The last year was a turbulent and exciting one in gaming.

by Asha
Chelsea Stark from mashable (extract)
The last year was a turbulent and exciting one in gaming.After Double Fine’s record-breaking Kickstarter, a gold rush began as indies funded their dreams with the masses. Facebook reported 235 million of its users play games each month. Nintendo launched a console that faced “second-screen” entertainment head on. A live-action series about Halo was watched millions of times on YouTube. These are but a handful of trends that forecast the future.

Mashable spoke to 16 prominent figures across the games industry to discern what might be coming down the pike in 2013. Many of those quoted below talked about similar themes: freemium games, the rise of digital distribution, new console and tablet hardware, and crowdfunding for indie games. Read below to see their full predictions.

Do you agree or disagree with these forecasts? What do you think 2013 has in store for gaming? Share your predictions with us in the comments.

Warren Spector (System ShockDeus Ex and Disney’s Epic Mickey)

“I’m kind of just excited about sitting back and watching how the next year is going to shake out. I’m excited and I’m scared. It’s not like the usual chaos. Gaming has always been chaos. There was always a new platform or something coming along to shake things up. Now, we still have all of that, but is Facebook the future of gaming? Probably not, but it’s a part of it. Is mobile? Is the next generation of consoles? Is indie the future? Everything is happening, and nobody knows where we’re going.

“It’s been a really long time since there was an opportunity for someone like [Minecraftcreator] Notch to come along and change the world. Jonathan Blow [creator of Braid] can come along and wake everyone up. Thatgamecompany shows us a small team of creative people can out-perform the guys with hundred million dollar budgets. It’s about creativity, not cash. I don’t know what I’m looking forward to. I’m just looking forward to the chaos, I guess, and seeing how it shakes out.”

Sundance DiGiovanni, CEO and co-founder of Major League Gaming.

“I expect free-to-play games to continue to grow in popularity. MLG is currently working with a handful of developers and publishers to add a competitive element to titles that will be released in the coming year including things like integrated rankings profiles and tournament systems that will help extend player engagement and interest in DLC / micro transactions. The other thing that I’d like to see more of is variable pricing for AAA titles. $60 at launch is understandable, but as a game hits a shelf age I think reduced pricing can open the game up to new players. Humble Bundles are also awesome and I’d love to see more publishers experiment with them.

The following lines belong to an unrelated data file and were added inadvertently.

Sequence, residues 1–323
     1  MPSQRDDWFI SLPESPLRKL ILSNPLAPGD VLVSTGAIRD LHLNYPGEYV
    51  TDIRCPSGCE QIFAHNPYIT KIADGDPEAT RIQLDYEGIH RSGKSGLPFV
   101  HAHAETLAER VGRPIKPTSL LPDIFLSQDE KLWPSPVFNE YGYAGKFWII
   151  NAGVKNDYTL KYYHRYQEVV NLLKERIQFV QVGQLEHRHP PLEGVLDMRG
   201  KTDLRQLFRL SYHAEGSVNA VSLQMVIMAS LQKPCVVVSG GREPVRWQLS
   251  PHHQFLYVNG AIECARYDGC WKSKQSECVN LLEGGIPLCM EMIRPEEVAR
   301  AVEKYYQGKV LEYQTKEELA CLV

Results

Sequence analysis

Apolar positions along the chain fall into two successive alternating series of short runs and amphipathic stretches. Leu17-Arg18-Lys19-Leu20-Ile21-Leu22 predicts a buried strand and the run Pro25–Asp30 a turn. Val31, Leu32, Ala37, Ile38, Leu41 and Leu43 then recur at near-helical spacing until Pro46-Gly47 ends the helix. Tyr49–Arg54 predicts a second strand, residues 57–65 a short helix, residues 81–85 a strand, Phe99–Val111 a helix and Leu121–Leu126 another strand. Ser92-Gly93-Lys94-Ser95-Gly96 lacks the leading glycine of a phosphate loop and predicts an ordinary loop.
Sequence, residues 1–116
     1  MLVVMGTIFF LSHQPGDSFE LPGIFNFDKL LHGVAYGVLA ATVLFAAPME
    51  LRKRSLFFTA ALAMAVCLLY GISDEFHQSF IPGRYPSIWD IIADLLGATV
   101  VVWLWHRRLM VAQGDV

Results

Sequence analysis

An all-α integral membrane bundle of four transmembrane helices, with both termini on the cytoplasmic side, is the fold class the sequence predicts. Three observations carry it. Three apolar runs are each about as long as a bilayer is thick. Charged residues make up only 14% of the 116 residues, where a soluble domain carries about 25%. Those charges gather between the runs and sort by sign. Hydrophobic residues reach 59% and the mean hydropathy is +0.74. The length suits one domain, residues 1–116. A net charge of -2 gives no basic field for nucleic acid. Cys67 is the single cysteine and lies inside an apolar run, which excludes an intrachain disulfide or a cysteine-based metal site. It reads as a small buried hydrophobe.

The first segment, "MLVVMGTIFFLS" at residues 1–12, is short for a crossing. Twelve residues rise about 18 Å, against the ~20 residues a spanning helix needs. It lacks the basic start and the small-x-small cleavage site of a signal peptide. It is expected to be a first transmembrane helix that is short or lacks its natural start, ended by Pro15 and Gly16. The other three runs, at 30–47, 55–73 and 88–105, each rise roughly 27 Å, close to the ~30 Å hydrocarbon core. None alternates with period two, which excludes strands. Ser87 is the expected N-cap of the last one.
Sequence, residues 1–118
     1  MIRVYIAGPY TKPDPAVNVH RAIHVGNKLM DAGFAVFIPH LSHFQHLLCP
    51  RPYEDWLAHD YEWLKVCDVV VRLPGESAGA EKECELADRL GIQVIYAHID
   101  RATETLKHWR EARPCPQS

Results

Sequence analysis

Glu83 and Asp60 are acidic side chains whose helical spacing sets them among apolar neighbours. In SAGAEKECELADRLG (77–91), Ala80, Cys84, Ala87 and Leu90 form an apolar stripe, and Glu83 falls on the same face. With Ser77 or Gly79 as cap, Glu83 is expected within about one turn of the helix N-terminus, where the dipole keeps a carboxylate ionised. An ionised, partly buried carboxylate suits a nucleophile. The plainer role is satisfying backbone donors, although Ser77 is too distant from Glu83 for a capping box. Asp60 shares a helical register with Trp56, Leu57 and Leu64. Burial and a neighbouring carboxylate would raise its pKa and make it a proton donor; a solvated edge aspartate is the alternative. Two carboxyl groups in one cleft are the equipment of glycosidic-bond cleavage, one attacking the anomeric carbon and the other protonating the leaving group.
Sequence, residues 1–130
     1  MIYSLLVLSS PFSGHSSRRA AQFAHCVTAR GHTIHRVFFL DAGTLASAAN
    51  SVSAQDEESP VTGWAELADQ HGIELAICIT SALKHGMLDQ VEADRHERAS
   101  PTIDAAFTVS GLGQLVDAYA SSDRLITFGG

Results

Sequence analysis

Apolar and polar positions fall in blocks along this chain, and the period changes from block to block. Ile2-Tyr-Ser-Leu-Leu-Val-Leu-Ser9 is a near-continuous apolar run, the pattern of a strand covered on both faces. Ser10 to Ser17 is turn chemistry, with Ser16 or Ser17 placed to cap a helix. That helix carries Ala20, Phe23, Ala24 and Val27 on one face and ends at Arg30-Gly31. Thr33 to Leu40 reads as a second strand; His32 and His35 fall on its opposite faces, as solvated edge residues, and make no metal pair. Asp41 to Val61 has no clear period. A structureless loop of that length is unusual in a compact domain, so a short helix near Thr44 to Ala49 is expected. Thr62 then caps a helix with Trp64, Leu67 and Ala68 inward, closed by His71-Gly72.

“The move to more flexible business models opens up all sorts of possibilities that could benefit players. Episodic experiences have improved with titles like The Walking Dead game, so I’m hopeful to see a bit more experimentation in that area. Breaking games’ multiplayer and campaign modes into separate experiences is something that I’d like to see developers experiment with as well. The ability for a player to pay for what they use within a game might open up entirely new ways of thinking in the business.

“What I’d like to see decrease in 2013 are skyrocketing development costs. With studios spending more and more to polish games (and with most of that polish often going to the campaign or single player portion of a game), the costs get passed along to players. Spending too much making a game doesn’t benefit anyone and instead consumers are left with things like increased DLC pricing and fewer multiplayer maps and modes at launch. What games like Minecraft have shown us is that a quality title developed with open access can be done with reasonable resources — and that you don’t need to nail it overnight.”

Navid Khonsari, creator of upcoming 1979, The Game; cinematic director for Grand Theft Auto 3 and Max Payne

“I’m happy to see that mobile and tablet games are getting their own identity. There is a great possibility to provide a good experience that is more than just a casual game you play on the subway. We’re all still in the same family room, but there are a number of different activities happening simultaneously. I could be watching TV while my wife is playing a game. If the bandwidth is there to provide you a deep emotional experience, why not do that? We want to have more than just a five-minute experience. I have a lot of interest in seeing that area grow, and also seeing it expand for me as a creator so I can bring people new experiences. We can continue on this path of better graphics forever, we can make games more and more photorealistic if that’s what people want, but I think think the demand is for better design. How is it going to challenge or engage or immerse me in new ways?

“The main thing for me is I hope we have reached the high point for this free-to-play model. At the end, they aren’t free-to-play. To make that generalization for how all gaming should be on these platforms is damaging. It actually hurts creativity. By creating this model, if we go with mold, we are stifling creativity. ”


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